The path from schizotypy to depression and aggression and the role of family stress

Premkumar, P. ORCID: 0000-0003-1934-6741, Kuipers, E. and Kumari, V., 2020. The path from schizotypy to depression and aggression and the role of family stress. European Psychiatry. ISSN 0924-9338 (Forthcoming)

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Abstract

Background:

Schizotypy is a multidimensional construct that consists of several personality traits linked to the vulnerability for psychosis. Positive schizotypy includes having paranormal beliefs. Negative schizotypy includes social anhedonia. Disorganised schizotypy includes social anxiety and communication disorder. Schizotypy may be related to depression and aggression through high expressed emotion (EE; a rating of criticism, hostility and emotional over-involvement in a close relative towards a person showing signs of mental disorder) in the context of family stress. This study tested, using path analyses, the hypotheses that schizotypy predicts depression and aggression through high perceived EE as criticism and irritability (hypothesis 1), and praise and intrusiveness in a close relative (hypothesis 2).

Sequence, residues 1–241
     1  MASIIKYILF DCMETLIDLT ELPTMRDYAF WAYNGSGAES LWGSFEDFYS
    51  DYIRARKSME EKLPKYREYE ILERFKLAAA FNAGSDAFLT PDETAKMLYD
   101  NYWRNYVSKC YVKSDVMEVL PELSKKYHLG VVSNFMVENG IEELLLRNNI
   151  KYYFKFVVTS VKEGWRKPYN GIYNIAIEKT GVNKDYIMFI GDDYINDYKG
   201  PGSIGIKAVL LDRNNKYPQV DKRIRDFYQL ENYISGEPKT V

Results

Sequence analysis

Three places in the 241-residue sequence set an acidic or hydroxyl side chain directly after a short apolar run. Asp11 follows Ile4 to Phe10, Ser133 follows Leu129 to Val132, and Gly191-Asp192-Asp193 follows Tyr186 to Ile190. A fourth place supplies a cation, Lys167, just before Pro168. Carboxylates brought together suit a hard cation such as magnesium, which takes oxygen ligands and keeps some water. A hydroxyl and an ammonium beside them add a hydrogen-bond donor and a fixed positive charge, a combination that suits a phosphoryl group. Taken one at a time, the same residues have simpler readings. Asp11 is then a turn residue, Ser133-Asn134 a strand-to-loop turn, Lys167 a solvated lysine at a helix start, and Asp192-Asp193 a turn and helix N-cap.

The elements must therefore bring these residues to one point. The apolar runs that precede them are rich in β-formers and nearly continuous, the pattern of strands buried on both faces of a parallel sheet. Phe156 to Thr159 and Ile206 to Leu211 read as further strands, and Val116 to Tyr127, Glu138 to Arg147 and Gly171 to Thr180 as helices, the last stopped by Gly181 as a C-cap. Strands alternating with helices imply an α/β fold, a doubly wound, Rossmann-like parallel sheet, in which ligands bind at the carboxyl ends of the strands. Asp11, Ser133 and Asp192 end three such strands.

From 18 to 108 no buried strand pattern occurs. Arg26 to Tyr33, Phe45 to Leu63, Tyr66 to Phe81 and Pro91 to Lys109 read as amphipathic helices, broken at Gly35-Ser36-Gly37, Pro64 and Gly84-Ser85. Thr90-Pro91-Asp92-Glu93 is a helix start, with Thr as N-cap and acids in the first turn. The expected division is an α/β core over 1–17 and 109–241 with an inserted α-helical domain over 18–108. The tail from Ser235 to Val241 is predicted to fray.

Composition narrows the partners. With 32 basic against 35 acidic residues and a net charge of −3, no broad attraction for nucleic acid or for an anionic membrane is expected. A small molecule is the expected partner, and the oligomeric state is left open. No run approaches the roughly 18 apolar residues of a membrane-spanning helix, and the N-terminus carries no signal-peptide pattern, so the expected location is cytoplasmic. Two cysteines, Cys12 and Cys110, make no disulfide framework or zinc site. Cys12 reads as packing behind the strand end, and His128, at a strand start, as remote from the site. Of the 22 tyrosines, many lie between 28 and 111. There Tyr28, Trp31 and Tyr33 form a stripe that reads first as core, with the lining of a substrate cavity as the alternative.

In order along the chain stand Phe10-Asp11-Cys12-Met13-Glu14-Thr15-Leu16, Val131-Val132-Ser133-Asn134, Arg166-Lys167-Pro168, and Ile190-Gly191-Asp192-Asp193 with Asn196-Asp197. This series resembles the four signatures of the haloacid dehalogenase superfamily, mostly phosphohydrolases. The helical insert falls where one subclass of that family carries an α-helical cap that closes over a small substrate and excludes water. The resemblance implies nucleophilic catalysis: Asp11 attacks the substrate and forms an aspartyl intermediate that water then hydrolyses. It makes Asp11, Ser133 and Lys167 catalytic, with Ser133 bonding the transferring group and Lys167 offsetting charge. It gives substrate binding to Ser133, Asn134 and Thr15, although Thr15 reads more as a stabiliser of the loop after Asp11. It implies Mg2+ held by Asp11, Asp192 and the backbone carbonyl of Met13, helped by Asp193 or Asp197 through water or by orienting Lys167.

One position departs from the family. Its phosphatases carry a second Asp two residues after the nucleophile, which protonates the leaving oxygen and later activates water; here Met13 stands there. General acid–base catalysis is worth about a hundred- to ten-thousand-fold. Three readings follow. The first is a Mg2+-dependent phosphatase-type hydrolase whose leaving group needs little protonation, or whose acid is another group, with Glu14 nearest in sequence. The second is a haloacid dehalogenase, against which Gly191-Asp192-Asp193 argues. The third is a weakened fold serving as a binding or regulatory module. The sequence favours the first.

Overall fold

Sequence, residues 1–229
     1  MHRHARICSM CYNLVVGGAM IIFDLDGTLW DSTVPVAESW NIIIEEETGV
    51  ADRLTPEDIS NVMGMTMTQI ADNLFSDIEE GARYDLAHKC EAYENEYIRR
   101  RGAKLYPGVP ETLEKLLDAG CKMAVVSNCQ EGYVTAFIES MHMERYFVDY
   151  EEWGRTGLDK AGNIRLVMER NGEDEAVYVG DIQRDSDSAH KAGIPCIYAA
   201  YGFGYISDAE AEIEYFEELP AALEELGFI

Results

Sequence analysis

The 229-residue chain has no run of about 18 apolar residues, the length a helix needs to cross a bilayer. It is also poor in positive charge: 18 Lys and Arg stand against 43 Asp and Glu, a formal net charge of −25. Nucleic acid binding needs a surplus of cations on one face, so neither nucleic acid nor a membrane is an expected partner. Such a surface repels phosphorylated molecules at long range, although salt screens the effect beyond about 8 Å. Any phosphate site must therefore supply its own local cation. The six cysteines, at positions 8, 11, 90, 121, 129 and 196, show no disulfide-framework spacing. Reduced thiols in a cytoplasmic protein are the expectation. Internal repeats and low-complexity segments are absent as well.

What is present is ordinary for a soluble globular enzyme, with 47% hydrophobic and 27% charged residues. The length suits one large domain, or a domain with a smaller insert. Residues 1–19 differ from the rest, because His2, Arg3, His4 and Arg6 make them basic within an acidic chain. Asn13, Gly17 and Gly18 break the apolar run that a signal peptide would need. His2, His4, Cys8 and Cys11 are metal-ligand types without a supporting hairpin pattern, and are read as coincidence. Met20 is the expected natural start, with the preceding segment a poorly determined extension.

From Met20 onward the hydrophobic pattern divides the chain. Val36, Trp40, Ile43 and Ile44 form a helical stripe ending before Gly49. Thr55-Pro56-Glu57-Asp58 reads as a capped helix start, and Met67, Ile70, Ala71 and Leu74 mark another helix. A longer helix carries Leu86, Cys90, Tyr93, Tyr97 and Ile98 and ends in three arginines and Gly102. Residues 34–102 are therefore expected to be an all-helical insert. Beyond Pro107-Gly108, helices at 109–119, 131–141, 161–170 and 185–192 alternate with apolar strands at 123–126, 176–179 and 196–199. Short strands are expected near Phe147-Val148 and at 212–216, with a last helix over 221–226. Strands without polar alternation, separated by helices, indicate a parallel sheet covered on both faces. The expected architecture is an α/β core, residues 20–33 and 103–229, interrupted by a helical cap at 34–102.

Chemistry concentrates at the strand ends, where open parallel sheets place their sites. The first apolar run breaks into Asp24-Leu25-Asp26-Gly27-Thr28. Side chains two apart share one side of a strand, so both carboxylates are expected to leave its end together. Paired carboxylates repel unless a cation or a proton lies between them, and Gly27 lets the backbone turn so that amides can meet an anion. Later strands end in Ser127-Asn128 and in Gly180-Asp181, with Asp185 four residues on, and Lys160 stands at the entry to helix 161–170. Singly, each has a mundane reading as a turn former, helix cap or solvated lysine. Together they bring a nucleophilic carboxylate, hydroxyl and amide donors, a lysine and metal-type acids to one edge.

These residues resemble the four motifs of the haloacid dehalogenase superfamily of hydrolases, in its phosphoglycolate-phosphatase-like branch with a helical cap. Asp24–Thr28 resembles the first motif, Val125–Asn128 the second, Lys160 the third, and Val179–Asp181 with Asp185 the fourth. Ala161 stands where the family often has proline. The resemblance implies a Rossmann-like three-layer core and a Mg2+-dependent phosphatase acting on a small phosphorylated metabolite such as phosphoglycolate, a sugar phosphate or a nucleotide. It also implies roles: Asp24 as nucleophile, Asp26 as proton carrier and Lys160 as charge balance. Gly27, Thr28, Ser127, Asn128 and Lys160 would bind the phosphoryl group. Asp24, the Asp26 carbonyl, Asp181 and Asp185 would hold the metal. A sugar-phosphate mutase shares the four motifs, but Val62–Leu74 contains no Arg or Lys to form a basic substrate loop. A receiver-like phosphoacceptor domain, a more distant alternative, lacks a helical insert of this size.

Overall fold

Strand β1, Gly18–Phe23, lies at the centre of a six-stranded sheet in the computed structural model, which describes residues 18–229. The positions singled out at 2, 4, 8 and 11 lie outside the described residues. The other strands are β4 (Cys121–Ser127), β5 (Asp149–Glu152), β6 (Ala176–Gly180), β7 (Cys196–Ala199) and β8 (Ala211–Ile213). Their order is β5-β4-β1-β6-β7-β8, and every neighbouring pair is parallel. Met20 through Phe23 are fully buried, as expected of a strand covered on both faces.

Methods:

One hundred and four healthy participants listened to and rated the self-relevance of standard criticism and standard praise that denote EE. Participants rated their level of schizotypy, depression, aggression and perceived EE in self-report questionnaires. Two path models tested the hypotheses.

Results:

Disorganised schizotypy, more than positive schizotypy, predicted the path to depression and aggression when perceived criticism and perceived EE-irritability were mediators. Disorganised schizotypy, more than negative schizotypy, predicted the path to depression and aggression when perceived praise and perceived EE-intrusiveness were mediators.

Conclusion:

Greater perceived criticism, and less perceived praise in family communication, explain the path from disorganised schizotypy (more so than positive or negative schizotypy) to depression and aggression. These findings indicate a need to consider the thought disorder-EE link as a potential contributor to depression and aggression in people with schizophrenia.

Item Type: Journal article
Alternative Title: Schizotypy, depression and aggression [running head]
Publication Title: European Psychiatry
Creators: Premkumar, P., Kuipers, E. and Kumari, V.
Publisher: Cambridge University Press on behalf of the European Psychiatric Association
Date: 22 July 2020
ISSN: 0924-9338
Identifiers:
NumberType
1346868Other
Divisions: Schools > School of Social Sciences
Record created by: Jill Tomkinson
Date Added: 27 Jul 2020 15:06
Last Modified: 27 Jul 2020 15:06
URI: http://irep.ntu.ac.uk/id/eprint/40281

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